In the last few years, many marketers have favored short, snackable pieces of content over the longer in-depth counterpart. It was assumed that long-form content (1,200+ words) had no place in a world of tiny phone screens and 140 character limits. However, recent studies have shown the opposite; long-form content is the comeback queen. More specifically, it’s non-fiction long-form storytelling that’s really having a moment right now. From long-form pieces posted on medium.com, to serial podcasts (like Serial) to documentaries made by Vice, people want stories that they can read, listen to, and watch.
Long-form storytelling isn’t new, and it’s also not new to marketing. Companies have been telling their own stories for years (crafting creation myths, case studies, etc), but the rise and importance of content marketing has provided companies with more opportunities to tell stories online that grab the attention of their target customers, build trust, entertain and educate. We found three brands that are doing this extremely well: Red Bull, Casper and American Express.
Red Bulletin – Red Bull
What is it?
Red Bulletin is a magazine, an international men’s lifestyle publication, owned by Red Bull (the energy drink). A print issue is distributed and sold every month, while its digital counterpart, redbulletin.com, is updated more frequently. Red Bulletin boasts 50-60 employees – many of which are journalists. The magazine serves as a marketing tool for Red Bull, and the company provides financial support to supplement the advertising revenue generated by the publication.
Why it’s Great
Red Bull has adopted a traditional journalistic approach to creating long-form features about sports, culture, and lifestyle (all topics prevalent in Red Bull’s other marketing initiatives) that are both relevant and interesting to the brand’s target demographic. Many of the content found in the magazine and on its website are well over 1,2000 words, and the editorial team is dedicated to telling unique, real-life stories that provide both value and entertainment.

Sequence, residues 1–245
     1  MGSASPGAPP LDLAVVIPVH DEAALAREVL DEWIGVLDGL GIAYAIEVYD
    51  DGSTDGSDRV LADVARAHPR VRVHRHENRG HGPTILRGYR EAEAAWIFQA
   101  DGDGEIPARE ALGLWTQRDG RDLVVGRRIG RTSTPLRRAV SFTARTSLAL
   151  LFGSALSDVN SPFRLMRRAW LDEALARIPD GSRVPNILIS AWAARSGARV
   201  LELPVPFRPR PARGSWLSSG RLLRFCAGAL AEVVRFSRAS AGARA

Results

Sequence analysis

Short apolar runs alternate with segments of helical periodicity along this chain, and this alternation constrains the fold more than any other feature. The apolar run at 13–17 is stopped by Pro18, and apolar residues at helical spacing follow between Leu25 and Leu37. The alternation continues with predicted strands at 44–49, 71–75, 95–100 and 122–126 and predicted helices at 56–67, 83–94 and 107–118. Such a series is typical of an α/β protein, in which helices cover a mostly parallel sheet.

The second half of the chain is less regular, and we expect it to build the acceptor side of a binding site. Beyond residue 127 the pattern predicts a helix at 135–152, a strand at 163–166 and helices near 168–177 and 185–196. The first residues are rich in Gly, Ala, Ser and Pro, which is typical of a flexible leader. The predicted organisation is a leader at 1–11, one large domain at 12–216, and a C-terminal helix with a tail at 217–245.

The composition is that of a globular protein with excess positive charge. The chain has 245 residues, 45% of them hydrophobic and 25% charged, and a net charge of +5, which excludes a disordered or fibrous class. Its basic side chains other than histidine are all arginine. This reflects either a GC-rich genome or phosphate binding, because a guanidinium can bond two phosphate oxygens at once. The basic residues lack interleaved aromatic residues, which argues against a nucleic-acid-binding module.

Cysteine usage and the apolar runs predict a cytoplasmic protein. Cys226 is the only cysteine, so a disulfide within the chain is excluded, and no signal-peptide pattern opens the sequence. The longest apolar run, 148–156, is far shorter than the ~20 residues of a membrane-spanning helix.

The magazine puts a high emphasis on visual storytelling, using exclusive photography and illustrations to bring long-form content to life.
Robert Sperl, editorial director at Red Bulletin, spoke to Super Content Marketing, about what’s required to make great content in 2016. He said, “It’s about telling stories that people are interested in. Period. It sounds easy, but it’s about finding people who do the right thing and talking about them in the right way, finding images that fit, and finding the right platforms to reach your readers. Nothing has changed since Gutenberg.”
According to Sperl, Red Bulletin delivers the Red Bull marketing team plenty to work with as the print magazines sell more than two million copies per month and the website brings in thousands of users every day – “there’s ROI for the parent company.”
A recent highlight is “Ancient Adventurers: Who are the Sea Gypsies?” by Josh Rakic. The story is a long-form interview with Canadian explorer Jody MacDonald (she also provides original photography) about her time living with the ancient sea gypsy tribes of Borneo.
Van Winkle’s – Casper
What is it?
Casper is a mattress company (and frequent podcast sponsor, as my fellow rabid podcast listeners will surely know) with a big goal of changing the way mattresses are bought – which is in a tiny box and in the mail.